The US chicken industry received a double vote of confidence
as Sanderson Farms credited "improved market conditions" for better-than-expected
results, while Rabobank flagged the sector's "good profitability".
Sanderson Farms, unveiling a 2.1% rise to $24.4m in
quarterly earnings despite a soaring feed bill, said that the increase, which
defied Wall Street expectations of a decline in profits, reflected "improved
market conditions, driven primarily by an overall increase in demand for
Sales rose 4.4% to $621.2m for the period, ending April 30,
as "strong" demand from grocery customers and importers supported prices, more
than offsetting a drop in volumes.
Chicken prices, as measured by the benchmark Georgia dock
values, were 9.9% for whole chickens in the quarter, compared with the same
period last year, while boneless breast prices rose 14.2% and "have continued
to move higher".
And the group added that it was "reasonably optimistic" on
prospects, heading into what is typically a stronger period for demand for
chicken, and barbecue meats, heading into the US summer.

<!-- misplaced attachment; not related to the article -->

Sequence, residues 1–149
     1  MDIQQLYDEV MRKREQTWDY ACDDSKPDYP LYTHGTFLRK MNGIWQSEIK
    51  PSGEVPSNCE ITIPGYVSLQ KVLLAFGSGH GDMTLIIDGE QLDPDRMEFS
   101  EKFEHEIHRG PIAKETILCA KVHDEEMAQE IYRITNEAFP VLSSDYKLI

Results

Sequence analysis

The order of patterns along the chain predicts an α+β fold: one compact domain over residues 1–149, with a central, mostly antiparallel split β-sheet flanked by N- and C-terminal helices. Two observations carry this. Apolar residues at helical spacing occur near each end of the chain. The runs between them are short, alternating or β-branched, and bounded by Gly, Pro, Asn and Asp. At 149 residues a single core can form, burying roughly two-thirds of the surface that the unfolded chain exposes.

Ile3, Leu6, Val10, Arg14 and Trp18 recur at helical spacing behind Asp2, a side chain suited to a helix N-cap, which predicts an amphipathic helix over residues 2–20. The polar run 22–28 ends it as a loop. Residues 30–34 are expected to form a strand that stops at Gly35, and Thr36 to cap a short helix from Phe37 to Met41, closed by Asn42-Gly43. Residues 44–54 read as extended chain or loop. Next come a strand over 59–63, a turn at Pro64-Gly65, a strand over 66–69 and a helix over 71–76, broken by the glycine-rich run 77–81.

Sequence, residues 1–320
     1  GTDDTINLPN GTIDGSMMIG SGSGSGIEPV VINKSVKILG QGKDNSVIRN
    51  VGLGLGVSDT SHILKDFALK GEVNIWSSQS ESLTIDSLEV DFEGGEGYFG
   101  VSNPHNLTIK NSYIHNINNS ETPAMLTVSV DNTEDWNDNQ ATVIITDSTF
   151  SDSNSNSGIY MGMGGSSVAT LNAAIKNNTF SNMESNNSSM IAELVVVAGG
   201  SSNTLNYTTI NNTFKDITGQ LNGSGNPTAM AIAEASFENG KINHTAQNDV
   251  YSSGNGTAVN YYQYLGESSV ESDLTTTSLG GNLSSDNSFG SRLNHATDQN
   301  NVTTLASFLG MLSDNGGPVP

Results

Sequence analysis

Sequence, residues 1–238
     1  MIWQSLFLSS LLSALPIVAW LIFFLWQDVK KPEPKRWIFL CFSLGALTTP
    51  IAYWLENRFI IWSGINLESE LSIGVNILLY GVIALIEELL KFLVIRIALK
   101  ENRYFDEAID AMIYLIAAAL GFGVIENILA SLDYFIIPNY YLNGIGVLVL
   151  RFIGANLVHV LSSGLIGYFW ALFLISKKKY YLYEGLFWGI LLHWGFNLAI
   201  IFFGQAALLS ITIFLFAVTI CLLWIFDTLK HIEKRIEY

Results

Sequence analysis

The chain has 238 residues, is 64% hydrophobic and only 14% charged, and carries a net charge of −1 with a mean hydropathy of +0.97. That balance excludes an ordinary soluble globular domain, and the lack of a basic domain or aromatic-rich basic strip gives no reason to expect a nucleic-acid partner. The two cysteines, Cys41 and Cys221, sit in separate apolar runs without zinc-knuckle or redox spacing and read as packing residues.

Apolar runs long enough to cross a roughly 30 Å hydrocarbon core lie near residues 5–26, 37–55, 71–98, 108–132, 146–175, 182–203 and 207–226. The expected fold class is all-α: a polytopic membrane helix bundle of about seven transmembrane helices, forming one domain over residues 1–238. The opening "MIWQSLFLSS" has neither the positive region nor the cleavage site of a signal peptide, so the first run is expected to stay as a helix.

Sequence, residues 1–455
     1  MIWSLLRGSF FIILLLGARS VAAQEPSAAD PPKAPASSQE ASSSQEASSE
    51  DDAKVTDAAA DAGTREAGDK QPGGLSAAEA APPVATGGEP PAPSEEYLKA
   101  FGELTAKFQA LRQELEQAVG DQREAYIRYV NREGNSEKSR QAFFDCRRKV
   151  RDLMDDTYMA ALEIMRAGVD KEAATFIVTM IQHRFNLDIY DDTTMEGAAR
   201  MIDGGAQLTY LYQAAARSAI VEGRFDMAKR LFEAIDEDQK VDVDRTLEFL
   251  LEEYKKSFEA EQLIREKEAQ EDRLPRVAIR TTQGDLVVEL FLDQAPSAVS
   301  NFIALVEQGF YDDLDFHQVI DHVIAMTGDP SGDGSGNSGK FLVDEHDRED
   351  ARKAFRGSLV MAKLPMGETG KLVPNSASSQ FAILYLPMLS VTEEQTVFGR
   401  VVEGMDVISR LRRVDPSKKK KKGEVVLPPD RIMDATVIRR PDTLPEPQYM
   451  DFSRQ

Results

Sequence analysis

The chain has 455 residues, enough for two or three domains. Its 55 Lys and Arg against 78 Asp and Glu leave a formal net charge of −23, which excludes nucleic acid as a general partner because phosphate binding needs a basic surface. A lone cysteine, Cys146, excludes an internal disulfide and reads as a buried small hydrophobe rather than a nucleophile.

"While grain costs remain above historical levels, demand
for chicken products is strong," Joe Sanderson, the Sanderson Farms chairman
and chief executive, said.
"Market prices for boneless breast meat sold to our food
service customers improved through April and May, and market prices for retail
grocery store products have also moved higher."
Prices were being supported by industry curbs on production,
making up for the dent to demand from soft economic conditions.
"Weekly broiler egg sets continue to run slightly above last
year's numbers, but breeder placements remain lower," Mr Sanderson said.
"It appears the
reduced size of the breeder flock will constrain production over the short term
despite higher industry returns."
The comments were echoed by Rabobank, which said that "good
supply discipline and even better pricing discipline" were providing US poultry
groups with "good profitability".
And this "despite last year's drought which caused a big
increase in feed input costs". Sanderson reported a 15.9% increase in prices
paid for corn, and 37% rise for soymeal, key chicken feed ingredients.
The sector's strength was apparent in an increase of
wholesale prices at a faster rate than retail ones, which Rabobank said "reflects
a power shift in the value chain".
Chicken demand was being underpinned by the fact that, even
though broiler meat prices have risen, those of beef have risen even more, to
"In these times of
economic weakness, affordability becomes more important, and chicken is
becoming more affordable than beef."
Sanderson Farms' earnings were equivalent to $1.06 a share,
well above Wall Street expectations of a $0.71-a-share result.
The group's shares set a fresh record high of $69.69 in
early deals in New York, before easing back to $69.04 in lunchtime deals, up
4.6% on the day.